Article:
Learning Your Craft: There Are No True Life Hacks for Life Itself. Do the Work.
Canada is a vast, gorgeous place, full of wilderness as well as sophisticated population centers. I’ve had the chance to see bits of it, but only bits. From Vancouver Island to the lovely arts town of Nelson, BC, to Halifax where I’ve done programs for women business owners, Canada is a massive playground with something for everyone.
Especially those who love the outdoors.
The Canadians have their own version of Outside Magazine, known as Explore: Live the Adventure. Like the Santa Fe-based adventure magazine Americans read, Explore discusses gear, tips for safe trips, and personal stories.
One of their recent pieces has led me to sign up for a month of horseback riding next summer with a NatGeo speaker and adventurer in far northern BC (Wayne Sawchuk, MK Adventures)
Explore is like Outside, in that much of what they publish is evergreen. So the mags hang out around my house, inviting quiet perusal.
The other day, an article from the Spring 2017 issue caught my eye, especially in light of recent Medium stories about people who demand short cuts rather than actually doing the real work of learning a skill.
Writer Will Gadd, whose column Gadd’s Truth tackles topics of how we show up in the wilderness, spoke to the twin challenges of how so many of us want to head to the hills but also don’t always take the time to prepare for the hills.
This has created considerable controversy in the US. More and more first responders are exhausted by Uber-like calls to come save someone who is lost barely a mile into back country. Hikers who head to extreme locations without the slightest clue of what they need to survive.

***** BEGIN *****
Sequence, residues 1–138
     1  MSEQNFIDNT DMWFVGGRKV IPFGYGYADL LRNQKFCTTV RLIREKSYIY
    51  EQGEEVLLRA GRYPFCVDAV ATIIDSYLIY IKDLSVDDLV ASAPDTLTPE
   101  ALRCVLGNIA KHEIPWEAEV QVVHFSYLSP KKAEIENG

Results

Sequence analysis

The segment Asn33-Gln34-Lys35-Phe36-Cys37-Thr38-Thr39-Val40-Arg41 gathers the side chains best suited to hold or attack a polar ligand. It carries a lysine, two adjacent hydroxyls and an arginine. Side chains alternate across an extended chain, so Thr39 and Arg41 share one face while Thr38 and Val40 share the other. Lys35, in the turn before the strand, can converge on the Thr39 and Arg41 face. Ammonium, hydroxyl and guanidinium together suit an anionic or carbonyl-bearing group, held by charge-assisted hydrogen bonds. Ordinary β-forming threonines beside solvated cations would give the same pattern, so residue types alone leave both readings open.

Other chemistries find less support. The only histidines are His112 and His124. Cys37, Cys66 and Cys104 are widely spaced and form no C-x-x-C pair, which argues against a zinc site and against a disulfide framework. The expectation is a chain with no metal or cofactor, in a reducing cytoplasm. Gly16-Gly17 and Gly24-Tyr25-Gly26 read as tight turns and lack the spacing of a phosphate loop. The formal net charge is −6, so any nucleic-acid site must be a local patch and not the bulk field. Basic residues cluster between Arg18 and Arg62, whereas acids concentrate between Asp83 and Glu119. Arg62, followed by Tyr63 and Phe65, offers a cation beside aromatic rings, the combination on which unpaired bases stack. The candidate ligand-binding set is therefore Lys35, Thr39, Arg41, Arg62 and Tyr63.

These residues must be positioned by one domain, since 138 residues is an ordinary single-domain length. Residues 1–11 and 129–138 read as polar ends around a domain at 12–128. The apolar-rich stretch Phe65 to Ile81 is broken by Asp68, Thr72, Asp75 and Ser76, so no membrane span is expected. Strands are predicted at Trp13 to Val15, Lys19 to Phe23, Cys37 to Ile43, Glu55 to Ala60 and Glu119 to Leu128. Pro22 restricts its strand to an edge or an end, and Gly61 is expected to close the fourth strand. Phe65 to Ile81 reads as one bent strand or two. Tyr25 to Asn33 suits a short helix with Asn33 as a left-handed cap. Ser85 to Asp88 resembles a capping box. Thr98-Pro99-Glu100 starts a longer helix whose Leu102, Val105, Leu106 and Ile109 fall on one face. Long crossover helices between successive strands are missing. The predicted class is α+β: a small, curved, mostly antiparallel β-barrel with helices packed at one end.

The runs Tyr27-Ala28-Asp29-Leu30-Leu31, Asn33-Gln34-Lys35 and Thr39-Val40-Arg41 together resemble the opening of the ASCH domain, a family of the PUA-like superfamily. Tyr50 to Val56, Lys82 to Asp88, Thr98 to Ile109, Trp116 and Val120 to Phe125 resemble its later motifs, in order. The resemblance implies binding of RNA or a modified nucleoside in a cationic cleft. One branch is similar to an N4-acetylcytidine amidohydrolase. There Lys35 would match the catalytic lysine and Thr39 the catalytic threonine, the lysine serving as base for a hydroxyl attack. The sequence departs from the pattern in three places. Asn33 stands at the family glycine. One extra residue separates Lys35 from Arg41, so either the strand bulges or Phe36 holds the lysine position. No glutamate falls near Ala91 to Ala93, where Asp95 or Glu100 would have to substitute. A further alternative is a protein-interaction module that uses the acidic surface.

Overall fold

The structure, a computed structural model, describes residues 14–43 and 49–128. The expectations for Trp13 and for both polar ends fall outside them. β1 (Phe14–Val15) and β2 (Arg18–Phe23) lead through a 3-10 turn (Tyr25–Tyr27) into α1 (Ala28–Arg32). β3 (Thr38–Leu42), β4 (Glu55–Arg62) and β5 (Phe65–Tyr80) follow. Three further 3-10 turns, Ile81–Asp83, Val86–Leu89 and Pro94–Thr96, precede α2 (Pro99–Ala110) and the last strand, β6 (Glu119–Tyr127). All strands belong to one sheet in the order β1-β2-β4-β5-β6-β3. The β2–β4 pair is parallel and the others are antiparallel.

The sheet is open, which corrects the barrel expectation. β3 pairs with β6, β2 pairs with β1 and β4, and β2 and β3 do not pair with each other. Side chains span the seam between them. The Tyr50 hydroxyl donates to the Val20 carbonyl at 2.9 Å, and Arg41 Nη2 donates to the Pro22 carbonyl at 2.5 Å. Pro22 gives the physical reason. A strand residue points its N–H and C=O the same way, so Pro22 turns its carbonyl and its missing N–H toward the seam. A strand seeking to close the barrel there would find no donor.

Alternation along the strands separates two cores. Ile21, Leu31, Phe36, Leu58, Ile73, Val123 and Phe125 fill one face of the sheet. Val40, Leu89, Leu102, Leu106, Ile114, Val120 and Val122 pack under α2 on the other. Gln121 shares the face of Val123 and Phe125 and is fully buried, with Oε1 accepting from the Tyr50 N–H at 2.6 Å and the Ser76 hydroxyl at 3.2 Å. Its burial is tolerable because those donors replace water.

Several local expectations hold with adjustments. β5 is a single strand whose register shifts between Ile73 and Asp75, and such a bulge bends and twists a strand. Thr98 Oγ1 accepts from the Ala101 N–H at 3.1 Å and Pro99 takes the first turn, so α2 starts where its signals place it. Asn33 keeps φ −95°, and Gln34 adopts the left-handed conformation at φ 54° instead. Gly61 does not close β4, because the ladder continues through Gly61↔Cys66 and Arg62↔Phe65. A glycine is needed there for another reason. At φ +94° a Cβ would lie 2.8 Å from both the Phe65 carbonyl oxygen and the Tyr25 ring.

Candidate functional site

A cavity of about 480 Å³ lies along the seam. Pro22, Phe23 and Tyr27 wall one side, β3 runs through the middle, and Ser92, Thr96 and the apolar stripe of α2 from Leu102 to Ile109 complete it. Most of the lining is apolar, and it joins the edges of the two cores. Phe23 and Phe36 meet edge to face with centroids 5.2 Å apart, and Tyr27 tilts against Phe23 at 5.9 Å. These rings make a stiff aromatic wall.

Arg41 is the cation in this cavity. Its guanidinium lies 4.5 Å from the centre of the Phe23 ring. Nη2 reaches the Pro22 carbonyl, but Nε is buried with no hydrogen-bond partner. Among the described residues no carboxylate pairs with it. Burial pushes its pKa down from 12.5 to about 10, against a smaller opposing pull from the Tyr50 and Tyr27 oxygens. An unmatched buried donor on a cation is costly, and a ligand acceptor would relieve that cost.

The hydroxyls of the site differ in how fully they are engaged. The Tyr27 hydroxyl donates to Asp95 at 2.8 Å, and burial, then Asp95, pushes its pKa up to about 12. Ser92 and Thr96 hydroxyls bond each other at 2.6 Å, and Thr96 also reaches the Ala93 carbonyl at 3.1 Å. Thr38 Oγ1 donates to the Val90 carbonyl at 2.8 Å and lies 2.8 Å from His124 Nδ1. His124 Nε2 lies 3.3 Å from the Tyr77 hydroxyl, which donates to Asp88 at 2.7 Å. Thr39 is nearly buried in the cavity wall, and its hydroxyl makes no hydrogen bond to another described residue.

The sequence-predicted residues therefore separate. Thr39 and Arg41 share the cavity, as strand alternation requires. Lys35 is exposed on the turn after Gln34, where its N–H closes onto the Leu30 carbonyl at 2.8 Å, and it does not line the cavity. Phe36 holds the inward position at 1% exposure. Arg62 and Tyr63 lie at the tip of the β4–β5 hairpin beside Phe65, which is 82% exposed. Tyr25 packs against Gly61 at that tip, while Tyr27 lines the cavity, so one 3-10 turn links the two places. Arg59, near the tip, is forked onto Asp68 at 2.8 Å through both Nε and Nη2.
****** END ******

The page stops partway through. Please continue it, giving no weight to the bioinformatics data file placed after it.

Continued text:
As Gadd points out, you can’t build a bridge without going through the rigorous process of becoming an engineer. The very real hazards of avalanches, extreme weather and other inherent dangers of Nature are the same for pro and rookie alike.
Therein lies the problem.
Gadd points out that someone who has undergone considerable training in avalanche safety has a better chance of survival; most rookies don’t. The trained guide or professional knows how to read weather, snow, and avalanche dangers. He or she has developed their craft. The rookie heads out over pristine snow, blissfully ignorant.
Even those who have taken courses can make the sometimes lethal mistake of assuming they know plenty enough. They head out with a head full of steam only to come back in a body bag.
The sheer beauty, the implicit invitation to experience the greatest adventures that our world has to offer are very hard to resist. I sure can’t. However I would no more don shoulder pads and trot out onto an NFL field to take on a 6'5" , 350-lb. defensive tackle than I would head into the high country without solid training, experience, and a great deal of humility.
This is where we run into trouble.
Anyone can toss a pack on their shoulders and hike up to a nearby fourteener in Colorado. The very accessibility of these beautiful places is part of their attraction.